Apprenticeships are expected to be essential for the UK’s energy sector to meet the growing demand for people with the skills to develop and progress the country’s green economy.
Writing for FE News, Sally-Anne Dudley, UK head of learning at National Grid, revealed that the organisation’s research indicates that the UK will need to fill 400,000 green jobs if the country is to meet the government’s target of achieving net zero emissions by 2050.
She stressed that there needs to be a “countrywide and sector focus on getting the right people trained up and in place in order to deliver these plans”.
The scope of these green jobs is vast, as Ms Dudley explained, noting that people will need to be trained to do everything from installing hydrogen boilers to using AI technology to predict weather patterns.
It is also important that organisations, such as National Grid, are able to communicate the benefits of an apprenticeship in the sector to young people. Ms Dudley pointed to research showing that among young adults aged 18 to 24, working in a job that helps tackle climate change is one of the most popular options.
She also explained why companies working in green industries can benefit from hiring apprentices, rather than only relying on other recruitment options.
Employers are constantly having to adapt to the changing business landscape and it’s increasingly important that they are able to anticipate future skills gaps, she said. “Apprentices are a great way to tailor talent development in a way that will futureproof the company,” Ms Dudley concluded.
She also noted that apprenticeships are a great way for those entering the workforce to network and build relationships with their peers as well as role models within an organisation. These relationships in turn often result in someone who completes an apprenticeship staying with an organisation over the long term, rather than leaving to work elsewhere.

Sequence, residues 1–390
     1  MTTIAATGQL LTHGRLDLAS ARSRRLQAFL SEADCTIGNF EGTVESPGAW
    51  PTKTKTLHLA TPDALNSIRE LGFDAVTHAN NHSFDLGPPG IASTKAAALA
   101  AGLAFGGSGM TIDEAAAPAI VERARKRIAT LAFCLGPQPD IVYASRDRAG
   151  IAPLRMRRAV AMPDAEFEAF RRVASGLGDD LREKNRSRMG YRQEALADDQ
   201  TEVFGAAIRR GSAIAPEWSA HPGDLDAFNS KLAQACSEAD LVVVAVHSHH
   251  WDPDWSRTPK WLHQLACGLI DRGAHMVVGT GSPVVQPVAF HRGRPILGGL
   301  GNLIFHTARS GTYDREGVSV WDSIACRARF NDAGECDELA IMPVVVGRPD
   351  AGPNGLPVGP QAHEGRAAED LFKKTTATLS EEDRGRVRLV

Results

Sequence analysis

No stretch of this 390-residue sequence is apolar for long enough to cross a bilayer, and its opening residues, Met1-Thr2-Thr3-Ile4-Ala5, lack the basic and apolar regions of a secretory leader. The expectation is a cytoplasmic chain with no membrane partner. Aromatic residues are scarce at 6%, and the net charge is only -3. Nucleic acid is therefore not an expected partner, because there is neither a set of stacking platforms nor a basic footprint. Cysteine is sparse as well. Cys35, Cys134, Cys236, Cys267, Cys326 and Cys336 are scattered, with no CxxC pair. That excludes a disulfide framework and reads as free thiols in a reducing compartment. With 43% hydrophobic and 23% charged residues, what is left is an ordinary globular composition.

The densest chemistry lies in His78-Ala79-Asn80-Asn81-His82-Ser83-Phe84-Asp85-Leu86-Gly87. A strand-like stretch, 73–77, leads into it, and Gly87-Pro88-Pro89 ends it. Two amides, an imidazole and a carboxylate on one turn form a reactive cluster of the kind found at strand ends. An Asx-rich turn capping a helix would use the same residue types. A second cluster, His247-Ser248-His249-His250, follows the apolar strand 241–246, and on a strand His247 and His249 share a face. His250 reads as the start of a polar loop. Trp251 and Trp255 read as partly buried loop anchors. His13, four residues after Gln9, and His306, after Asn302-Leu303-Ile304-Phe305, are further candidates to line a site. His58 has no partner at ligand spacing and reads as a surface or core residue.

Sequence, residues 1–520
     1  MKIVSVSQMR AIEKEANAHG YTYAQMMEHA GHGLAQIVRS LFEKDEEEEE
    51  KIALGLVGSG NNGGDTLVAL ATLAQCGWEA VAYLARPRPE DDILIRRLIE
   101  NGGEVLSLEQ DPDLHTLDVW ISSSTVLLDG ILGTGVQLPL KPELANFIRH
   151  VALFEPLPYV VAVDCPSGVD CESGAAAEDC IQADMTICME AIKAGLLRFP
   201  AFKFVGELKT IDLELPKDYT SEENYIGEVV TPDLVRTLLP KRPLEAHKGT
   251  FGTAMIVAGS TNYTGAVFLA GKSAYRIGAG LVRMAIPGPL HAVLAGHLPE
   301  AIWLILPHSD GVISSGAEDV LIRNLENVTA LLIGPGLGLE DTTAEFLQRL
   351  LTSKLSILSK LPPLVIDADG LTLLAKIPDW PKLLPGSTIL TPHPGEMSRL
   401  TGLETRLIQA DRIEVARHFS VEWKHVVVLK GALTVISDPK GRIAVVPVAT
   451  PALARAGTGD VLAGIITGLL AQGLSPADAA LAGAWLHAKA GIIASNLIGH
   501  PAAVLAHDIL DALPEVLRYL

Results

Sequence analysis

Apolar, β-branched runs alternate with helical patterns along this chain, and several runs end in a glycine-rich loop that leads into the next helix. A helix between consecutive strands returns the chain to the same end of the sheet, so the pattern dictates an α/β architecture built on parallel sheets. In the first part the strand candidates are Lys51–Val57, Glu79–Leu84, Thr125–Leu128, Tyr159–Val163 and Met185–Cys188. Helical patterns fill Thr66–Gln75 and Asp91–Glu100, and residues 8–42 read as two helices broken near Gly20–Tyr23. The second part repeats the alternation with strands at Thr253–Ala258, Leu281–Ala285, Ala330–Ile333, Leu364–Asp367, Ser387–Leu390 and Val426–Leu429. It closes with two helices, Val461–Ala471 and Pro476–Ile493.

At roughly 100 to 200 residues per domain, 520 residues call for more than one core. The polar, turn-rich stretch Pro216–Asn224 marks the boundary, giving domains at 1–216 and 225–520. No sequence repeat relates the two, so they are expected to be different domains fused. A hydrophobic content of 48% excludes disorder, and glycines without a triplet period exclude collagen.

“This longer-term mindset can help plan for and address gaps in the workforce expected in the next five, ten and beyond years,” Ms Dudley added.
In December last year, the Institute for Apprenticeships & Technical Education announced that it was establishing a new green apprenticeships advisory panel to help ensure that this route into the sector is promoted and made a priority.
The institute explained that this new panel will both look for ways to make existing apprenticeships greener, as well as to identify skills gaps that could be filled through apprenticeship schemes.
In December, the institute called for representatives from a range of sectors to join this panel. It was seeking people from within the renewable energy, green transport, manufacturing, engineering, construction and agriculture sectors to contribute.
There is certainly set to be considerable growth within the UK’s green industries in the coming years, with the government announcing its intention to create and support two million “good quality green jobs by 2030”.
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